There’s An App for That

Law firm O’Melveny & Myers announced (here) the “launch of its FCPA app, the first multi-functional mobile application (app) created by a law firm.”  Richard Grime, partner and head of O’Melveny’s FCPA practice stated as follows.  “We understand the complexities our clients and colleagues face in achieving their business goals in the global marketplace, and thus, have created this mobile application as a fast, yet informative, way for them to remain current with the evolving statutes and provisions imposed by the FCPA and other anti-corruption laws.”

Weekend Reading

Sidley & Austin recently released its Anti-Corruption Quarterly (here).  Among other articles is one focused on the new “sheriff in town.”

The article states as follows.

“Investigating potential violations of the FCPA historically has been the purview of the SEC and the DOJ, but recently, Congress has entered the fray. Two House committees, the House Oversight and House Energy committees, recently instituted an independent FCPA investigation of Wal-Mart, after a New York Times article reported on an alleged massive bribery campaign at Wal-Mart’s Mexican affiliate. These House investigations mean that companies now have to consider the possibility of facing a congressional investigation—in addition to investigations by the SEC and the DOJ—when FCPA violations have occurred.”

The article further states as follows.

“Although congressional committees routinely investigate companies, the current congressional investigation into Wal-Mart is the first investigation in the FCPA context and it may signal the beginning of a trend: high-profile companies or companies that are drawn into political fights (often unwillingly) may find themselves the target of a congressional inquiry if their FCPA problems become public. Whatever effect the congressional investigation may have on Wal-Mart, the possibility of such an investigation is a factor that high-profile companies facing FCPA concerns should weigh.”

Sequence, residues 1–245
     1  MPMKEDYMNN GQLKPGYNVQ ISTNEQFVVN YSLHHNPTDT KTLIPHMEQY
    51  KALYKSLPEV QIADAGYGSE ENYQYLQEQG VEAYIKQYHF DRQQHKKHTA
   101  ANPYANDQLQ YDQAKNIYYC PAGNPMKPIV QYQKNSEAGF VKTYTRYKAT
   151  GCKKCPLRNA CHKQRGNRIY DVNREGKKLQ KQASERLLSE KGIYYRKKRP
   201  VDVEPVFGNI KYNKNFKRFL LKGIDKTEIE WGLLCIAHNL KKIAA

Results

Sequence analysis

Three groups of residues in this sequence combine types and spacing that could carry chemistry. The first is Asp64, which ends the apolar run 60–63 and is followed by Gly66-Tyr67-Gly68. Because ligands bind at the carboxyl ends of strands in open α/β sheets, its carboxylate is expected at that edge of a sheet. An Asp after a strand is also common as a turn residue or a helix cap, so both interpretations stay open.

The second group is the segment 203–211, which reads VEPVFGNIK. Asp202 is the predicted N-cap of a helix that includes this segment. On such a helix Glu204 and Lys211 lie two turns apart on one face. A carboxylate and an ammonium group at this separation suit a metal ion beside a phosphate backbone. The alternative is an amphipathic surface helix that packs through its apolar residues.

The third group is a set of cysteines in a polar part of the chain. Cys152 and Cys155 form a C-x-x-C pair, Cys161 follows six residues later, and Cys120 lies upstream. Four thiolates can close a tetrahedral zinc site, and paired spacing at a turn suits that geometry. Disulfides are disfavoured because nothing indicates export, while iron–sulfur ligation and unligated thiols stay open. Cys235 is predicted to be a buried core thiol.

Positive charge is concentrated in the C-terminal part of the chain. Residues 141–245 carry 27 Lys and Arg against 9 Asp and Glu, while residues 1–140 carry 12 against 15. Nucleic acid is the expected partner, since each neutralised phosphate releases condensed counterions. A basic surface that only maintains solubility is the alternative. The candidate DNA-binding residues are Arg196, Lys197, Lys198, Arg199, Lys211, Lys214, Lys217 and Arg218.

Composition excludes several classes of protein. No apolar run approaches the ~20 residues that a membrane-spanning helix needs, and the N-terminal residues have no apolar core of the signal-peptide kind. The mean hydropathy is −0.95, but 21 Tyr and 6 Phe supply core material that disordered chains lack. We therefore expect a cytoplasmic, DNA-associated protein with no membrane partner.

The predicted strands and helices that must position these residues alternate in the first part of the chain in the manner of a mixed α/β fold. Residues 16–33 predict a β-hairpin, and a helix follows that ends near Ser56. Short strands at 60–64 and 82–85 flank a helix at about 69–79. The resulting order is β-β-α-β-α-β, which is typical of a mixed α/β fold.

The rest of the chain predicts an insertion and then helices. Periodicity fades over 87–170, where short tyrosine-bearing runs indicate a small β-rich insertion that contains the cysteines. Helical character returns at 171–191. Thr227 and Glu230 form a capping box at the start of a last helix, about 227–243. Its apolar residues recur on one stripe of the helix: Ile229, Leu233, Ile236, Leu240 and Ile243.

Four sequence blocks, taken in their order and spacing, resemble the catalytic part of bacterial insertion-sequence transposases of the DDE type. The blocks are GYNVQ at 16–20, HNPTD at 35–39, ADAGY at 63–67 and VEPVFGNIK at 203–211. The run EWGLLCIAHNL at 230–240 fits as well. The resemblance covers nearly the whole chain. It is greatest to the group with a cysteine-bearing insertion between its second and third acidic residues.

For more on Wal-Mart’s FCPA scrutiny, see my recent article “Foreign Corrupt Practices Act Enforcement As Seen Through Wal-Mart’s Potential Exposure” (here).

Miller Chevalier also recently released its FCPA Autumn Review – see here.

Morrison Foerster also recently released its End of Summer Round-Up – see here.

This recent Jones Day publication concerning upcoming FCPA Guidance contains the following paragraph that should be read by those who simply label companies that have resolved FCPA enforcement actions or are the subject of FCPA scrutiny as bad or corrupt companies.

“It is the job of a prosecutor to make charging decisions and to decide in the first instance what does and does not violate the law. As prosecutors and enforcement attorneys assess the facts to make charging decisions, they are compelled to view the world, therefore, in binary terms: black and white, right and wrong. As defense counsel, settlement discussions with our counterparts in the DOJ and SEC frequently hinge on which side of the line the conduct sits. Particularly for those of us who served as prosecutors, we acknowledge in these discussions the difficult mission of the enforcement officials to draw and defend lines. The world of business, however, frequently operates in territory that is somewhat grey: a world in which business persons strive to grow the company ethically in situations where the application of the existing rules are not entirely clear. For instance, in the current era of FCPA enforcement, international businesses struggle with their responsibilities to monitor and control the conduct of third parties with whom they do business: distributors and sub-distributors, joint venture partners, dealers, and resellers. Even for companies that are firmly dedicated to compliance with the FCPA, is not always clear when a third party amounts to an agent whose improper conduct might someday be ascribed to the company and its employees. Good and ethical companies struggle, every day, with the concept of defining an agent of the company as opposed to an independent customer who engages in an arm’s-length transaction to purchase the company’s products.”